The simulator has to output a specific waveform that takes ques from the upstream one. The one that you have is too simplified for the ECM - hence the P0136/P0137 codes. If this was on a pre-2005 Corolla, might work. Starting with the 2005 model year - they switched to a DBW throttlebody system and went with a wideband AFR sensor vs the conventional O2 sensor.
Assuming that the precat was likely removed to make room for the header? Still have the existing downstream cat attached or test pipe? Keep in mind that, depending on where you live at, even if the P0420 code disappears, the car will still fail a visual inspection, if any of those converters are gone - if the header doesn't have a CARB or EO exempt number, might be grounds for automatic failure as well.
The spacer you are inferring to sounds like the sparkplug defouler trick. Just happens that the rear O2 sensor and a sparkplug defouler have the same threads. You will have to drill out the center of the defouler to allow the O2 sensor's tip to be exposed to enough exhaust gases to take a reading. Will be an iterative approach, as too small an opening or too large - and you'll see a P0420 code thrown out. Just grab sparkplug defouler and the O2 sensor, see if they will thread into each other. Some had to stack two defoulers to get far enough away from the exhaust stream to fool the ECM.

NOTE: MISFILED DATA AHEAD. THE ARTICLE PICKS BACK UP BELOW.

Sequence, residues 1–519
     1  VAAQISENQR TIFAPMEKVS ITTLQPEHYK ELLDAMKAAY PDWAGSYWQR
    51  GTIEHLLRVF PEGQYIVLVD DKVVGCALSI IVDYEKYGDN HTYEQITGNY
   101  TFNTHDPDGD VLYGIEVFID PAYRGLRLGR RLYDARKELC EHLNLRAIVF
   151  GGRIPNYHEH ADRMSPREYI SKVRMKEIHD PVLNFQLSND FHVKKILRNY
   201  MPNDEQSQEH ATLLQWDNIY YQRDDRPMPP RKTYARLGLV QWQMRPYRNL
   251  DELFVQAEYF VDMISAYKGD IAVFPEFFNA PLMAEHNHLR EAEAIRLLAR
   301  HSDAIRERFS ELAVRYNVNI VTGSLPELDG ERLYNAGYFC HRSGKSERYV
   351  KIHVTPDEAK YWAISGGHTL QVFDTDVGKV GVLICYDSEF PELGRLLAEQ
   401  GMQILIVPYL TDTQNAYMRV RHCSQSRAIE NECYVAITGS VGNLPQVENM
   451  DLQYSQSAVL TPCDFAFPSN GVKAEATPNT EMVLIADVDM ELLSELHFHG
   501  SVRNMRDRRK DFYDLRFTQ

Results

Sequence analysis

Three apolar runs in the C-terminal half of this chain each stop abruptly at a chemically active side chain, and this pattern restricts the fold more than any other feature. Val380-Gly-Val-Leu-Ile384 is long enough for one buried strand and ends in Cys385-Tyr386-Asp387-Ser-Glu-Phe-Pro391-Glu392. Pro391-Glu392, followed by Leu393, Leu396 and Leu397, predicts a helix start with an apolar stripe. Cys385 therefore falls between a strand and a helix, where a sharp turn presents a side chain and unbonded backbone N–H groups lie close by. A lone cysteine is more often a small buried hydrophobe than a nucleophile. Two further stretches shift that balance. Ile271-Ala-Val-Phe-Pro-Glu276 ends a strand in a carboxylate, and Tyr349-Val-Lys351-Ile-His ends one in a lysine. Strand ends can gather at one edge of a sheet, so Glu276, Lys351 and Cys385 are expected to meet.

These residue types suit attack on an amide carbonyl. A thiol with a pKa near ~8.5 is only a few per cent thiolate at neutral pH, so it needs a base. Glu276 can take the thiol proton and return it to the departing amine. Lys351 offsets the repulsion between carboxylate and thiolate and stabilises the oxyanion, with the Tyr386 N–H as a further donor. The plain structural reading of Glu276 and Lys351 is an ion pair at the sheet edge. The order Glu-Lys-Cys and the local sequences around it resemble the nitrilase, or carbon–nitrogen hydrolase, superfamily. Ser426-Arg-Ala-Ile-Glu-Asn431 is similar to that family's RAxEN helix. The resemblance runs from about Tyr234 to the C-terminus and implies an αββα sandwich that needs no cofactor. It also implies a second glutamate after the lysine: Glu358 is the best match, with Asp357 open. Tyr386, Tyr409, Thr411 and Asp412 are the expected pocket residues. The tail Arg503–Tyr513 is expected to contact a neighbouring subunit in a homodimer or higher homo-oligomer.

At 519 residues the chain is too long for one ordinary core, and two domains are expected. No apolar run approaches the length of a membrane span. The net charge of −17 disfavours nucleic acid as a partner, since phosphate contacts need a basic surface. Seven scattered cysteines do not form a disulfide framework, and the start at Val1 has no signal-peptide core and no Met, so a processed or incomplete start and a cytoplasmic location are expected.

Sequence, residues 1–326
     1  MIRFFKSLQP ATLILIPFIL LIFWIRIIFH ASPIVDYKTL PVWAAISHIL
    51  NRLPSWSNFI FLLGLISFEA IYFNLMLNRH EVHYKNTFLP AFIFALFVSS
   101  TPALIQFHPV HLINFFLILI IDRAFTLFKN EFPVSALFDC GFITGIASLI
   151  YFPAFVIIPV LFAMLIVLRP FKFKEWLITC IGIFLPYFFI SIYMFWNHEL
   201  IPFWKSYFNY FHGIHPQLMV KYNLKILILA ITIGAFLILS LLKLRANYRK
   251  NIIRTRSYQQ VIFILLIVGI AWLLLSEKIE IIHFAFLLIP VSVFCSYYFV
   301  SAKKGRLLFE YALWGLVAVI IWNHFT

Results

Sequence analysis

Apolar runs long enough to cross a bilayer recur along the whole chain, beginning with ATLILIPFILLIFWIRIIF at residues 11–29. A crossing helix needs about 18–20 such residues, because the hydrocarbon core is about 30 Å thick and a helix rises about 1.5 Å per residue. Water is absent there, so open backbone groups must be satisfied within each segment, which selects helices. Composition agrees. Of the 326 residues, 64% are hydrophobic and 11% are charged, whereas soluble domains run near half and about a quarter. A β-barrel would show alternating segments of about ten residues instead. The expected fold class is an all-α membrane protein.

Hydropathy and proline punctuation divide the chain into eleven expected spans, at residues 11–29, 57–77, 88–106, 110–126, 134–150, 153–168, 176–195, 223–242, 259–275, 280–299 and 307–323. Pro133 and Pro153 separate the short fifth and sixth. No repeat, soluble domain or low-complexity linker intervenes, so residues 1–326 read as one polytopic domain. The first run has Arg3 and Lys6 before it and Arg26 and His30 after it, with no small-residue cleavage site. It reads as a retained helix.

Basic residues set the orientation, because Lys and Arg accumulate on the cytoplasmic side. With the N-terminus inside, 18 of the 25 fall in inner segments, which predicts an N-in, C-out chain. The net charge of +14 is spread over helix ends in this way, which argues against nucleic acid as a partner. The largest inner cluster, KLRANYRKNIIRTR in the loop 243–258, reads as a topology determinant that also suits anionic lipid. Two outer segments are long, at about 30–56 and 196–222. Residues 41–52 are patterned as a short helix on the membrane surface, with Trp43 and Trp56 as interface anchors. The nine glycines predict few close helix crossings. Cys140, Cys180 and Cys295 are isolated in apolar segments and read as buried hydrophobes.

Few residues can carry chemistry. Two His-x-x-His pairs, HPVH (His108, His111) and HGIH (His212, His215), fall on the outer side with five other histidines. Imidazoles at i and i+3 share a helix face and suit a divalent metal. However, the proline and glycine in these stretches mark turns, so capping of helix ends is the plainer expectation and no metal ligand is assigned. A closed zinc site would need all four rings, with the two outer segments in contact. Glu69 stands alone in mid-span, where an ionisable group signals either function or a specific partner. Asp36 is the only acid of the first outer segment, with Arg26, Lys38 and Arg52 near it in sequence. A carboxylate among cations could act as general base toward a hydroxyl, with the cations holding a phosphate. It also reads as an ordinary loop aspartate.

I also wouldn't rule out a possible exhaust manifold leak - as those can also throw a P0420 code. Who makes this specific header? Hopefully you got the PPE header - as that is one of the few that is actually engineered to work well with the Corolla family of engines with 3-5 WHP gain with just a header swap were seen. The others are mainly for exhaust note and visual appeal - power gains from those are spotty, some actually make less power than the Toyota OEM tubular exhaust manifold.